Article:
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Management Perspectives:
Making Better Decisions

Mar 1, 2006 12:00 PM, By Don Kreski

Even small companies can use market research techniques.


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Small businesses can take advantage of available data such as this analysis of user marketing opportunities from InfoComm International’s May 2004 AV Market Definition and Strategy Study to develop their marketing strategies.
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The AV industry has been in turmoil since 2001. We've seen our largest sources of revenue taken by Internet discounters and our largest dealership broken up in bankruptcy. Some would argue that our biggest problem is confusion. Many owners don't know where to take their companies. Many sales reps aren't sure what to sell.

The point of any market research project is to gather good information to help you make decisions. Big companies use research routinely and in a highly organized fashion. Small companies generally don't use research because either (a) they're overconfident, (b) they can't afford it, or (c) they don't know how.

I'm here to tell you that (b) and (c), at least, are solvable problems. You can do market research and it can help you enormously.

TACTICAL INFORMATION

“Dealers need tactical information,” says Fred Krazeise, former VP of marketing at Sharp and now an independent marketing consultant. Krazeise, whose accounts include research leader Pacific Media Associates, says the most critical thing to learn is how your customer prefers to buy. “Because you can be thinking, ‘Hey, our satisfaction survey said we were wonderful,’” he explains, “but your best customer is also buying from CDW because CDW can deliver faster or give them a little better pricing.”

Many dealers and contractors work hard on their sales forecast, yet even a great forecast will not help you understand key trends or what your customers want from you. “What is it that really drives the purchase decisions?” Krazeise asks. “How are those decisions really made? What's most important in the mind of the consumer? Just getting answers to simple questions about buying patterns, buying preferences, product preferences, and customer satisfaction is easy and can provide very useful insights into your business.”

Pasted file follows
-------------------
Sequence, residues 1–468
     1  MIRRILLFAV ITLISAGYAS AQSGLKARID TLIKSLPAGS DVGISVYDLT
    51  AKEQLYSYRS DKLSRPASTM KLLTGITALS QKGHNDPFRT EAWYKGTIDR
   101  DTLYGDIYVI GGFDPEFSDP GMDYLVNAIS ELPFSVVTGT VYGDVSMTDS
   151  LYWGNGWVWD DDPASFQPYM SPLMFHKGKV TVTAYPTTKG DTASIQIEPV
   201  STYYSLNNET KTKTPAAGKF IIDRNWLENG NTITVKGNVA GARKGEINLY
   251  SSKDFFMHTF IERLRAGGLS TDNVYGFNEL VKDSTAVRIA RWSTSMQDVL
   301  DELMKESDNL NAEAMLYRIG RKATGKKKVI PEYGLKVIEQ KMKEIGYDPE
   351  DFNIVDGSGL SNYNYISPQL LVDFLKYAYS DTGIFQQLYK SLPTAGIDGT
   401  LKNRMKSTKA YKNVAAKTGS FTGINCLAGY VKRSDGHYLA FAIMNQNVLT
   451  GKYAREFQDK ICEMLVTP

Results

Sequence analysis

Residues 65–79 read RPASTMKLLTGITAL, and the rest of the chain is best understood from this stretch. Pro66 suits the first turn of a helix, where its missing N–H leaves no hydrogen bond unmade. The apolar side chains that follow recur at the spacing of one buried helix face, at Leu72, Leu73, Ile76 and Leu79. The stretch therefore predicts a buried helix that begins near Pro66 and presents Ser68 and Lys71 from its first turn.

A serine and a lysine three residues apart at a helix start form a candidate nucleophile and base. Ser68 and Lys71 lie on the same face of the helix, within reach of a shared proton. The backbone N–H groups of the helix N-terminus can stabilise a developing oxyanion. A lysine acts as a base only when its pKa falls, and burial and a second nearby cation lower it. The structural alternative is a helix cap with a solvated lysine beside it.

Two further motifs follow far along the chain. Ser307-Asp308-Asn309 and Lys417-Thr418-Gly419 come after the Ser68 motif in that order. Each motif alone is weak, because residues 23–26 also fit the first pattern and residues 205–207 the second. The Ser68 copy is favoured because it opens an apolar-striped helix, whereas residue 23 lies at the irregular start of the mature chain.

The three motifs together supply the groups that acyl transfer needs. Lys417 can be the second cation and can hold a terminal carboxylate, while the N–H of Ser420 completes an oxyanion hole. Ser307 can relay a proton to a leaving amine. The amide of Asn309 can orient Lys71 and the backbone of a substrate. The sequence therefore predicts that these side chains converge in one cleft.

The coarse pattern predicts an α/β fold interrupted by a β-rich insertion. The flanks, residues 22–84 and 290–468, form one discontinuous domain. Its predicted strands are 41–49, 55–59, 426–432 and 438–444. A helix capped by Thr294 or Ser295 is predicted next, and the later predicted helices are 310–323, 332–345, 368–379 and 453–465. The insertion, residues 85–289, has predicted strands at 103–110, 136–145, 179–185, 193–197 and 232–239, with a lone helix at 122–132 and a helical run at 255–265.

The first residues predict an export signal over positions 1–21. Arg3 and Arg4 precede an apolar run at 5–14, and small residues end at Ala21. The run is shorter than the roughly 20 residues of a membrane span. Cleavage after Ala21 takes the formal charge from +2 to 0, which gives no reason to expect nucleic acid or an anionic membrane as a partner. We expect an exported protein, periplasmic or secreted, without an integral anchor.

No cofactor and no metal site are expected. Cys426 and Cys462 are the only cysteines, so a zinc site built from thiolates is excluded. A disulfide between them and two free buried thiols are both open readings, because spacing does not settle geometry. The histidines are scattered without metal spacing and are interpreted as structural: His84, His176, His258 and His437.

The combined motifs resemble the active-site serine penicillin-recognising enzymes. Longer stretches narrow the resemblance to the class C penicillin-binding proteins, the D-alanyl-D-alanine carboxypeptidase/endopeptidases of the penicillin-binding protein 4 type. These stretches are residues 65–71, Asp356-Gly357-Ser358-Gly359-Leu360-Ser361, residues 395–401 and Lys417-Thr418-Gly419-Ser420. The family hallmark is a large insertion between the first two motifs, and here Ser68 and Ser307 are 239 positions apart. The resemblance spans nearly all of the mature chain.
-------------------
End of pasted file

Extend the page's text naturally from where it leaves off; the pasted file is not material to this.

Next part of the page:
The first step, if you have a research question, is to find out if someone has already figured out an answer.

At www.infocomm.org/marketresearch, for example, you can buy studies of market opportunities, average dealer financials, and other topics. The studies offer surprisingly detailed information, plus interpretations and strategic advice geared to dealers and contractors. InfoComm's annual Market Forecast Survey and Dealer Compensation and Financial Survey and semi-annual AV Market Definition and Strategy Study stand out as the most helpful reports it offers.

According to Eva Guterres, senior market research analyst at InfoComm, these reports can help you understand changes in the marketplace and how to take advantage of them. They can also help with specifics such as what your peers are spending on marketing and training, who the decision makers are within different market segments, and the criteria that are important to various customers when they purchase AV products and services. “If somebody takes their business seriously,” Guterres says, “I really think that they should take a look at these reports.”

MINING COMPANY DATA

Acquiring data from outside sources such as InfoComm, for all the detail it can offer, has limits. You will always have questions that no one else has researched, and conditions in your own slice of the market are not always the same as those in the nation.

“Dealers/integrators, especially those with CRM software or even good contact management systems, have a wealth of information they rarely use,” says Bill Sharer, president of Exxel Management and Marketing.

Sharer makes a valid point. Several years ago, I did a study of the customer base of Midwest Visual Equipment Company of Chicago (now a part of AVI Midwest). I started with a printout of its top 200 customers and the revenue from each. With a little digging, I was able to assign an organization type to each one and tabulate how much of the company's business came from government, universities, hospitals, and so on. The accounting system told me very little about who the sales reps were calling on, but, just by counting the titles of the various people in their address books, I was able to get a reasonably complete picture. Putting these results together went a long way toward answering the questions, “Where is the business coming from?” and, “Where would the company be most likely to find new customers?”